Stadler holds lead into final round |

Stadler holds lead into final round

Ryan Slabaugh

Stadler birdied four of the first eight holes Saturday at the Sonnenalp Golf Club, extending his lead to five over Buy.Com tour player Scott Petersen, before three-putting the 16th hole and watching his lead diminish to two. Stadler played the last 10 holes in 1-over-par, a rarity this week for a guy who fired rounds in the 60s Friday and Saturday.

“It was pretty ugly,” Stadler said, whose 70 Saturday put him at 10-under for the tournament. “The front was fine, but I didn’t play well on the back.”

Petersen, of Parker, admits he’s lucky to be so close. On the first hole, the 2000 Open champion’s tee shot went left out of bounds, down the road, and rolled back inbounds. Instead of playing for bogey, he had a 140 yards to the pin.

He birdied the hole, one of five on the day, and used a 30-foot snaking putt on No. 12 to go from a distant second to charging horse.

“The way (Stadler) was playing, I just wanted to cut it in half,” said Petersen, at 8-under. “Anything can happen tomorrow. I’m playing well, he’s playing well.”

Four strokes off the lead stands Brian Kortan of Albuquerque, N.M. Kortan fired his third-straight 69 and stands on the border of contention at 6-under.

“Four (strokes) is about two bad swings,” Kortan said. “Kevin knows that. It’s his first pro event, yeah, but he has as much experience as anyone out here.”

Stadler, who turned pro right before this tournament, lost in the quarterfinals of the U.S. Amateur a few weeks ago after four years of playing at the University of Southern California. Mix that with the fact that his father, PGA professional Craig Stadler, is his caddy, and experience might be in his favor.

“It’s not like it’s his first rodeo, you know,” Kortan said.

It was Stadler’s putter that failed him Saturday, evidenced by two three-putts – the only strokes he gave back all day. He birdied No. 1, No. 4, No. 6 and No. 8 to give him the cushion he ended up needing. With 18 holes to play, he sounds like he’s done this before.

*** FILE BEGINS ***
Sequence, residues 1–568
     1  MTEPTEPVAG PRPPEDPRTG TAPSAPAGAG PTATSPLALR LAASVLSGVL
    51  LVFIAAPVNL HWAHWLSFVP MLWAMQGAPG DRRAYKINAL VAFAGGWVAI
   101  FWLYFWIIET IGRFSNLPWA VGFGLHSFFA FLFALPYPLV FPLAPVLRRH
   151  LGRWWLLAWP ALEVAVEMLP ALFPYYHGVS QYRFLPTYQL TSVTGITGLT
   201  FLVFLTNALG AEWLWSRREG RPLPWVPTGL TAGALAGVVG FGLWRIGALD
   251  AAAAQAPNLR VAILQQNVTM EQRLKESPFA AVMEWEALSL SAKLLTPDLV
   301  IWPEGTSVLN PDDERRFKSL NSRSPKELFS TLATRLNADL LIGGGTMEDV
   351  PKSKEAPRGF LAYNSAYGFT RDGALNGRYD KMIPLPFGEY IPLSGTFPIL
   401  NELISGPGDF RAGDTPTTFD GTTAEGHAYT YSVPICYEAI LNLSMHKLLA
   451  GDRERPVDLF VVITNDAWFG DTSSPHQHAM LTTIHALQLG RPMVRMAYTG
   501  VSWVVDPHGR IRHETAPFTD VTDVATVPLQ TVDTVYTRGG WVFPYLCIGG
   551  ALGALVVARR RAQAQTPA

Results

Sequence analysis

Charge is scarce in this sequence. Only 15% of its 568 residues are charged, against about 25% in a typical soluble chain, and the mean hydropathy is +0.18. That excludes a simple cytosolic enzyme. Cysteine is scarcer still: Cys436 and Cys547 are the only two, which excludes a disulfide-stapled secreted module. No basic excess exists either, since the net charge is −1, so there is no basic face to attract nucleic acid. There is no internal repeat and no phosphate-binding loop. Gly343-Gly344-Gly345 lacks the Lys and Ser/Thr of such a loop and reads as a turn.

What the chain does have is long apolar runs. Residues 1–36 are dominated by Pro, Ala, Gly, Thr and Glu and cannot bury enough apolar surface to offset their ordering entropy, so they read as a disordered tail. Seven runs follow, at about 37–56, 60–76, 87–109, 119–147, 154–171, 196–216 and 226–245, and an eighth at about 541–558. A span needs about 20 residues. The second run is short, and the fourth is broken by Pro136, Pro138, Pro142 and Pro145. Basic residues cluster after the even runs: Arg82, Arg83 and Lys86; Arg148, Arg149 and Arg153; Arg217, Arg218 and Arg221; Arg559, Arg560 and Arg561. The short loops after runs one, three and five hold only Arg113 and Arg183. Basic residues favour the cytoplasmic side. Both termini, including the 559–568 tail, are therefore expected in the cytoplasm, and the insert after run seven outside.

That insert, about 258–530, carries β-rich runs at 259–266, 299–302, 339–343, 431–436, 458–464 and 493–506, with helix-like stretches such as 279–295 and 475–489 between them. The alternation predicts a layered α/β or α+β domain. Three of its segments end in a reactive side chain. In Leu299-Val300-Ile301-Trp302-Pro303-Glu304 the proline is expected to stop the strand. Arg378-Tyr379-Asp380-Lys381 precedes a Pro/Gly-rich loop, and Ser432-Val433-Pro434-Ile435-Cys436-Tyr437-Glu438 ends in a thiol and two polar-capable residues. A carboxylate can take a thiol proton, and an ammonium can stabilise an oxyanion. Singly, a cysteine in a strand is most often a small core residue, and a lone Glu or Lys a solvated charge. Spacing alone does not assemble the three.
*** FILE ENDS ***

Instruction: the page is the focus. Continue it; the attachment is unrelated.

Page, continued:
“I really don’t want to think about it,” Stadler said. “I don’t want to bring attention to it. I just want to go out and play tomorrow.”

Behind the first group on the tee today will be a 32-year-old Texan who drove 1,400 miles Wednesday without a spot in the tournament. Austin’s John Sosa qualified as the 12th alternate and figured he had to get back to Sonnenalp, where he played well 16 years ago as an amateur. Since then, he has played at the University of Texas and took 10 years off to raise his family.

He quickly became one of the best stories at this year’s $125,000 Open.

“For some reason, I felt I needed to be here,” said Sosa, whose 67 Saturday put him at 4-under for the tournament. “I drove 1,400 miles to take a chance.”

Sosa showed up Wednesday, drove around the course, and arrived Thursday morning at Sonnenalp waiting for a spot. At noon, he was informed Dave Alvarez of Glenwood Springs had withdrawn. He had 20 minutes to prepare.

“I hit it right down the middle,” he said of his first tee shot.

The tournament continues today. The leaders will be teeing off in the late morning.

NOTES: Larry Collins, who was in second place going into Saturday, struggled and shot a 77 to put him out of contention… Two locals are locked at 218. Edwards’ Mitch Perry shot a 70 Saturday and is tied with Red Sky Ranch pro Jeff Hanson, who shot a 72… 16-year-old Derek Tolan of Highlands Ranch, the youngest qualifier at this year’s U.S. Open, is also at 218… Leading amateur is Denver’s Jon Lindstrom, who shot a 69 Saturday. He holds a three-stroke lead over Longmont’s Jeffrey Hanson, who shot a 68.

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